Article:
Animal Science, Department of


First Advisor

Dr. Paul Kononoff

Date of this Version

Summer 7-28-2020


Buse, K. K. 2020. Characterization of protein and fat in dairy feeds and implications on digestibility and milk composition.


A THESIS Presented to the Faculty of The Graduate College at the University of Nebraska in Partial Fulfillment of Requirements For the Degree of Master of Science, Major: Animal Science, Under the Supervision of Professor Paul J. Kononoff. Lincoln, Nebraska: August, 2020

Copyright 2020 Kassidy Kate Buse


A variety of feedstuffs are used to comprise dairy rations, each with their own nutritional contributions. In order to best utilize these feedstuffs to maximize production, characterization of their chemical composition is needed. Through the use of both in vitro and in situ methods, not only can the composition of the feed be determined, but also its digestibility. Also, because of the important role they play in human health, omega 3 fatty acids have received increasing attention. Most individuals consuming Western diets do not meet the recommended requirement for omega 3 fatty acids, and one way to improve that is through the enrichment of dairy products by selective feeding high fatty acid feedstuffs to dairy cows. In the first experiment, three assays were used to determine RUP digestibility, the Mobile Bag (MOB), Modified Three Step (MTS), and Ross (ROS) assays, were compared. Also with this experiment, 10 samples of feather meal from different plants across the United States, five with blood (FMB) and five without blood (FM), were evaluated. Each of the ten samples were subjected to all three assays. The results indicate that while the average initial compositions were different between FM and FMB samples, very little difference was observed in the ruminal or intestinal digestibility of the protein. However, there was differences in values among assays. Assay had a significant effect on rumen dry matter digestibility, RDP, RUP, total tract dry matter digestibility, and total tract crude protein digestibility with MOB and MTS being the most similar in values. Nonetheless, RUP digestibility did not differ among assay or blood inclusion. Overall, even though values between samples and assays varied, there was no difference in RUP digestibility among blood inclusion and assay. The second study’s goal was to evaluate the effect of the novel fatty acid supplement, Perfect Omega 3 (PO3), on the milk fatty acid profile and energy utilization. Diets ranging in 0 to 20% PO3 inclusion were fed to four multiparous Jersey cows in a 4 × 4 Latin square, and headbox-style indirect calorimeters were used to determine the effect of increasing inclusion on energy utilization. Results show that increasing inclusion of PO3 not only increased the milk fat concentration but also increased the concentration of α-linolenic acid in the milk while decreasing linoleic acid with no difference in milk yield. Gross energy increased with increasing inclusion, but DE and ME did not differ among treatments. Increasing inclusion also had no effect on NDF and energy digestibility. Through this study, increasing inclusion of PO3 not only maintained milk production, but also increased milk fat concentration with favor towards omega 3 fatty acids.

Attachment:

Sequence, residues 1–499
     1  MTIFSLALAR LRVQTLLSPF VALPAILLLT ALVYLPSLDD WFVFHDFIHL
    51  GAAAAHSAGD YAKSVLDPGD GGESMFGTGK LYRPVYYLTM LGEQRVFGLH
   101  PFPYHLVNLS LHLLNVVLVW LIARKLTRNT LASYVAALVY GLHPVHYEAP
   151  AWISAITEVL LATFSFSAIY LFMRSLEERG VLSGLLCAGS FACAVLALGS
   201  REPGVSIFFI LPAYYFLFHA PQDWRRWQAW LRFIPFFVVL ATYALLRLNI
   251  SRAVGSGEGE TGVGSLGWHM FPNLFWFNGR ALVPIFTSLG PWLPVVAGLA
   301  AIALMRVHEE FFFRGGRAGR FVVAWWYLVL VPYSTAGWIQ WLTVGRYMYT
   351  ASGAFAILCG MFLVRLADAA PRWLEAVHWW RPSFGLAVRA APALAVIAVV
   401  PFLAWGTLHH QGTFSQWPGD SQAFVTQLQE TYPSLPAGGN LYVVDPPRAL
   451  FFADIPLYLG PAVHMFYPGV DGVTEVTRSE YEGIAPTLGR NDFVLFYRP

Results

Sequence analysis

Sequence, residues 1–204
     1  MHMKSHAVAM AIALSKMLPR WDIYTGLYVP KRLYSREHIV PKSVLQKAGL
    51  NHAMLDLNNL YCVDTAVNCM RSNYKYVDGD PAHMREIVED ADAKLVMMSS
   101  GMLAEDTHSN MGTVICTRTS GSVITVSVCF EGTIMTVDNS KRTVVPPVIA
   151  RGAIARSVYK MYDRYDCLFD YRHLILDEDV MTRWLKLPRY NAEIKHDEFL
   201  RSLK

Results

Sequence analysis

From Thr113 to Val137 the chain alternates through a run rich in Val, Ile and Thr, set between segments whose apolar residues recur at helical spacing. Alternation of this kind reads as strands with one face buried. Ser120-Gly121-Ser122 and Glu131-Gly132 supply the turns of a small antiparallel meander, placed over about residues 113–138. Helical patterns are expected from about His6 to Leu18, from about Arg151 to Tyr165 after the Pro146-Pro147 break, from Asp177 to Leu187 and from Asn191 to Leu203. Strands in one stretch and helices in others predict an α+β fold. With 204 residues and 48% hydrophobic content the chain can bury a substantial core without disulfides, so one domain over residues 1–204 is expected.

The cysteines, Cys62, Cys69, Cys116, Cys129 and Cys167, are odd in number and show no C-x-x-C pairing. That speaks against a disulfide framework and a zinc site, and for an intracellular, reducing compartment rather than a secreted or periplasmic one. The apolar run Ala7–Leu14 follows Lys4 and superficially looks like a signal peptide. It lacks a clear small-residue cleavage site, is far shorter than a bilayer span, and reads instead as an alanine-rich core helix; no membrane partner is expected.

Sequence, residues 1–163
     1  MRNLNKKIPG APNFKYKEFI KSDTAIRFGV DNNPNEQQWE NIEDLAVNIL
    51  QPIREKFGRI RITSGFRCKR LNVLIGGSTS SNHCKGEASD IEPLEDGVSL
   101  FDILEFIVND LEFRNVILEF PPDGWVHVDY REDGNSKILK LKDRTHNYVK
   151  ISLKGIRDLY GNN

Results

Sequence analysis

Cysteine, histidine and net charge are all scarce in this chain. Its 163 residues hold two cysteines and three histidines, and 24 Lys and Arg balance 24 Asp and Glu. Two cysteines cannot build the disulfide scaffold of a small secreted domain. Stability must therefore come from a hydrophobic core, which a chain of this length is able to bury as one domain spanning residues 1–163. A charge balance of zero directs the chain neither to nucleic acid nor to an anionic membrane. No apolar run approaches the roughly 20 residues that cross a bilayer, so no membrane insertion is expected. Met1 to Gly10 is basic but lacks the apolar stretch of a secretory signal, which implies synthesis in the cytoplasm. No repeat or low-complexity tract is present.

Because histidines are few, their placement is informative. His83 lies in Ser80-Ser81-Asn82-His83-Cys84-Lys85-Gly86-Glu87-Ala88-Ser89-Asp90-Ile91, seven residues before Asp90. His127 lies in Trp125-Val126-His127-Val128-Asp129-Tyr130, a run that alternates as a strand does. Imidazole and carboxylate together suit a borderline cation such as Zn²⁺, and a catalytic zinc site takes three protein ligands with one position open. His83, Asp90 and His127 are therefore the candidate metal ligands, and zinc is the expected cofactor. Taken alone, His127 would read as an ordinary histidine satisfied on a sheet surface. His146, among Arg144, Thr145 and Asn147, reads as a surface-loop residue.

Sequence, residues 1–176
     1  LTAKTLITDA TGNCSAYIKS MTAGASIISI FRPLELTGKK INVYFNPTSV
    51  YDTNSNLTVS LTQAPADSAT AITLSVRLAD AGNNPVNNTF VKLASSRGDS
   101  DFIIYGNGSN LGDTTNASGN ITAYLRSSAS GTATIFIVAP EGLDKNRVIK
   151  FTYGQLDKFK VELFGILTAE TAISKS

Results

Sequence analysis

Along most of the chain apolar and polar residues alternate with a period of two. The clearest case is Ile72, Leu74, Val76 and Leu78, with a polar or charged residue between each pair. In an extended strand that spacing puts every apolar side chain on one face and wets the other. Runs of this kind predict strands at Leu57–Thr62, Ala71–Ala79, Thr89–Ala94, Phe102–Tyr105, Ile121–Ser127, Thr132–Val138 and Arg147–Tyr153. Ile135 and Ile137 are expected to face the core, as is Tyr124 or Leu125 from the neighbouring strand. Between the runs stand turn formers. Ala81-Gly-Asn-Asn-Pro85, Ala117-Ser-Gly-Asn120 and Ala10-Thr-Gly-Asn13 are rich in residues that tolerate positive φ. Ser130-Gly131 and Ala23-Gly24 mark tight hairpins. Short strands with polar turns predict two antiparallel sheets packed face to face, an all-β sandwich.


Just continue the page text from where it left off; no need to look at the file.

Advisor: Paul J. Kononoff